Celestial nav at sea using a 13-year-old calculator.

On a recent passage from Norfolk to Bermuda, I had the opportunity to use my 13-year-old Texas Instruments TI-35 calculator to reduce our sun lines of position.

At only a hair’s breadth above novice status as a celestial navigator, I wanted to use an electronic calculator for my sight reductions. I was used to this approach, as I had used my home computer to reduce my practice sites back in Pittsburgh. I wrote a Basic program for my PC that calculated the distance (Hc) and direction (Zn) of other ham radio contacts. The formulas used are the same as those found in the front of H.O. 229.

Before our departure, I was quite prepared to use sight reduction tables and universal plotting sheets that I had practiced so thoroughly with in my back yard. By the way, the position of my yard is very well plotted, I have done more than 100 practice bubble horizon and artificial horizon sights and sight reductions. I then found that my $15 scientific calculator could well handle the calculations I needed. It was just a matter of learning the proper keystrokes.

By using our indicated position from our GPS as an assumed position, I was able to verify our position in a few minutes’ time. Of the sights I took on our trip, my ability to take and reduce a sight varied from as much as 2.5 miles to as little as 0.5 miles from our indicated position. So I wouldn’t get lost in the calculations, I used the Celestaire H.O. 229 Sight Solver card line for line, except for the lines that asked for inputs from H.O. 229. Calculated Hc and Ho were handled the same way.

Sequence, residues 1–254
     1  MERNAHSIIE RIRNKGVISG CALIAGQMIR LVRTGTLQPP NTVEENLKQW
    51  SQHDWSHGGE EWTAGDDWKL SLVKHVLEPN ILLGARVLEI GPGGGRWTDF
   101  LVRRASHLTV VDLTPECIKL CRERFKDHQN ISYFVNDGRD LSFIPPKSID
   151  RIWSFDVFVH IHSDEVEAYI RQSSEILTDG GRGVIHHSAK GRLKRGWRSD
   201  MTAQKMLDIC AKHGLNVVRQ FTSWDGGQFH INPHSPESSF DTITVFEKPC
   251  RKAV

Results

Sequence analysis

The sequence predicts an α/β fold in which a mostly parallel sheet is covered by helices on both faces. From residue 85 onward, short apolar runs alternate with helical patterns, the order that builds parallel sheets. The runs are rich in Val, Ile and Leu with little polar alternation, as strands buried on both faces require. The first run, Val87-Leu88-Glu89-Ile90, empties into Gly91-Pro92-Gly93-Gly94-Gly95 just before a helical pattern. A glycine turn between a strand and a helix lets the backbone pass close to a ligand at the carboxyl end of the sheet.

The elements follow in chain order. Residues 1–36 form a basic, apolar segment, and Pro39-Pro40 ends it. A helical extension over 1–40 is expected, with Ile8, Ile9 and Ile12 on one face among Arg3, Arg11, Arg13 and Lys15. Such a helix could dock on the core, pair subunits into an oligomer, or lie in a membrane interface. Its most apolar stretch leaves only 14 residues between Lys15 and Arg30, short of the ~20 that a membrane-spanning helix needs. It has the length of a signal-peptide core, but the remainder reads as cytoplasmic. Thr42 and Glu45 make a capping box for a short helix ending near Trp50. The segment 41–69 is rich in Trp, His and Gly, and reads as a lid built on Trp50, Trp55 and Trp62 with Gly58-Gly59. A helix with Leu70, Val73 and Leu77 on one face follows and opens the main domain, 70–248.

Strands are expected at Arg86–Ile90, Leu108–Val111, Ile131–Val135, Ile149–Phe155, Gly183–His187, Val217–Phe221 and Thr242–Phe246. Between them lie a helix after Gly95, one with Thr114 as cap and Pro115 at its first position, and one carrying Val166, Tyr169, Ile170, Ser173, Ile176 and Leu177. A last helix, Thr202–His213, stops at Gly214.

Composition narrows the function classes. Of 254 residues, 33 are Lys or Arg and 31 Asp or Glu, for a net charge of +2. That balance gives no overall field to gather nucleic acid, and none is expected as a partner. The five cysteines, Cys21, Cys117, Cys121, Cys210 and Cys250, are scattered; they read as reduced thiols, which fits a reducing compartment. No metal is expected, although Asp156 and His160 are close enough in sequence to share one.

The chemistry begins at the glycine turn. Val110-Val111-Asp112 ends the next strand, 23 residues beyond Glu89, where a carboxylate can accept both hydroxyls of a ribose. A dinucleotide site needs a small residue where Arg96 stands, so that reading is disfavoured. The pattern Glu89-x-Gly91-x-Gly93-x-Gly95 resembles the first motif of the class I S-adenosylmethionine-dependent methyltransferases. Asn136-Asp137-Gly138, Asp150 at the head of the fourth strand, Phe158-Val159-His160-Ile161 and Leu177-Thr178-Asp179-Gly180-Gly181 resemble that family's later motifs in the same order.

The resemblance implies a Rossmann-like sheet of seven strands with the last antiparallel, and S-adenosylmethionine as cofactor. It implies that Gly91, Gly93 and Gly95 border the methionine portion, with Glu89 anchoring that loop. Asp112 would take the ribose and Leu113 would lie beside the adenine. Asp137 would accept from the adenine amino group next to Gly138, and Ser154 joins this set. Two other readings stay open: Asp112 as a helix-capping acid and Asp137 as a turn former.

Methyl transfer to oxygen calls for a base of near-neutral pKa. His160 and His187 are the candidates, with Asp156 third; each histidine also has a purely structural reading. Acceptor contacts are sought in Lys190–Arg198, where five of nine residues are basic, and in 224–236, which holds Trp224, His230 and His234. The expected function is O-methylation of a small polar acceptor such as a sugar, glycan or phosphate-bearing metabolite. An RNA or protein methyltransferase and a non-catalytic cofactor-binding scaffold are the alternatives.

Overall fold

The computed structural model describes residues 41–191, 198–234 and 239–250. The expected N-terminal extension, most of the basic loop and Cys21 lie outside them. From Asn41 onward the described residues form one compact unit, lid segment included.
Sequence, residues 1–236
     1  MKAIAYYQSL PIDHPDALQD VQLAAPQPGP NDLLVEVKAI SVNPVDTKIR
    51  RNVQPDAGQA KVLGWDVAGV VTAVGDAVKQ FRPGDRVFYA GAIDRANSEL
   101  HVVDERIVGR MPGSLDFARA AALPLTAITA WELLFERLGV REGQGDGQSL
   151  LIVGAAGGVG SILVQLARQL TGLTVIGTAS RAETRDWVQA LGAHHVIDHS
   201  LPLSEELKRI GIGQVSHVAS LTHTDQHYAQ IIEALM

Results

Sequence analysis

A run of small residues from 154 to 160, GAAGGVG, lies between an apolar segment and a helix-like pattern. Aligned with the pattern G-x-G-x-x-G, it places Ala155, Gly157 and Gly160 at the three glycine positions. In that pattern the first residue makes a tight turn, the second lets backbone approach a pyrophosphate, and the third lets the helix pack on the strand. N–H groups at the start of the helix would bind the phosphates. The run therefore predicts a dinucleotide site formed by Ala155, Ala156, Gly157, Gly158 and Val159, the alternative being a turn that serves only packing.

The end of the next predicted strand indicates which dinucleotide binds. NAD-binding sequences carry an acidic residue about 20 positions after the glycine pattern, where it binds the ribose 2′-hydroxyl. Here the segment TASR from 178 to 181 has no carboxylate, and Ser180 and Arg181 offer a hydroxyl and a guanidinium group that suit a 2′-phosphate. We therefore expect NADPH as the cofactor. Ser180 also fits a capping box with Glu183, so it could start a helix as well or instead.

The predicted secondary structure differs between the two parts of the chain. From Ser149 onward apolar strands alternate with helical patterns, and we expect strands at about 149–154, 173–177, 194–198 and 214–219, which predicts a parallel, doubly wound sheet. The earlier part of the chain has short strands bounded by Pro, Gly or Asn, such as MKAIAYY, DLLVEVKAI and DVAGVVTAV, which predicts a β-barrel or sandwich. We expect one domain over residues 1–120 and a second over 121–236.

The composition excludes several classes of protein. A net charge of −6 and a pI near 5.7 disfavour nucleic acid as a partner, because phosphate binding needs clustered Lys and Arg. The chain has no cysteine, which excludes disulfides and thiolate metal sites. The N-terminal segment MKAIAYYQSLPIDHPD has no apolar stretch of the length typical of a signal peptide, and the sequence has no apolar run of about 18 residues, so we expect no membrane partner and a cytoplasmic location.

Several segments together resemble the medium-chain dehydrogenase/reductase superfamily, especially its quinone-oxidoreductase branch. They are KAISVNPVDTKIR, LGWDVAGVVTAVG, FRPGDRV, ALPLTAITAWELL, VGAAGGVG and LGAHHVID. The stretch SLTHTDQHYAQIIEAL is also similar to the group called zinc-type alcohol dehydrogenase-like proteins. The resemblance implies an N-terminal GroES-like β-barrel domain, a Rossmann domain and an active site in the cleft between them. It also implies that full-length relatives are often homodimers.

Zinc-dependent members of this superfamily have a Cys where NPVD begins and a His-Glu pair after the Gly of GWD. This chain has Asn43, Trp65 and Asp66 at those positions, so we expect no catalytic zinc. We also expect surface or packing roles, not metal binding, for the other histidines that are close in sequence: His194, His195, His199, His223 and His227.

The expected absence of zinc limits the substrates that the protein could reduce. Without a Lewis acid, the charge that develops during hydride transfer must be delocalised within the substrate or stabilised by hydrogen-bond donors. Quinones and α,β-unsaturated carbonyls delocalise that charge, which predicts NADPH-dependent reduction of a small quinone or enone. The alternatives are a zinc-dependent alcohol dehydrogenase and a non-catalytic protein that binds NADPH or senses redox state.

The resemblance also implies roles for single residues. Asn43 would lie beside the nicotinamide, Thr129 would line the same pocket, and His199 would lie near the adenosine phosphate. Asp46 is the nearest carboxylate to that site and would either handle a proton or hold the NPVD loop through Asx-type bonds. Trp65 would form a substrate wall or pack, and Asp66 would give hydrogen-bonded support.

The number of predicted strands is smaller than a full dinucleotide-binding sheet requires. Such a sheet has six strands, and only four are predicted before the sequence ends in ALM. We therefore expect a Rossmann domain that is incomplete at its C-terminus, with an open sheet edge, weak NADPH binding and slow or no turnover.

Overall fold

The benefits to calculating sights for an actual position is that it gives immediate reinforcement to good sights and showed poor reductions clearly. It was not my plotting ability that dictated my accuracy, but only my sextant handling.

I highly recommend the usual practice of plotting a sight from an assumed position if you don’t have an appropriate scientific calculator to work out the sights from your DR position.

Having the ability to determine a position out there, and out there is pretty far, certainly made us far more comfortable in our passage and our landfall! n

Michael Shane sails aboard Scott Hopkins’ Beneteau 393, Last One, and lives in New Brighton, Penn.

By Ocean Navigator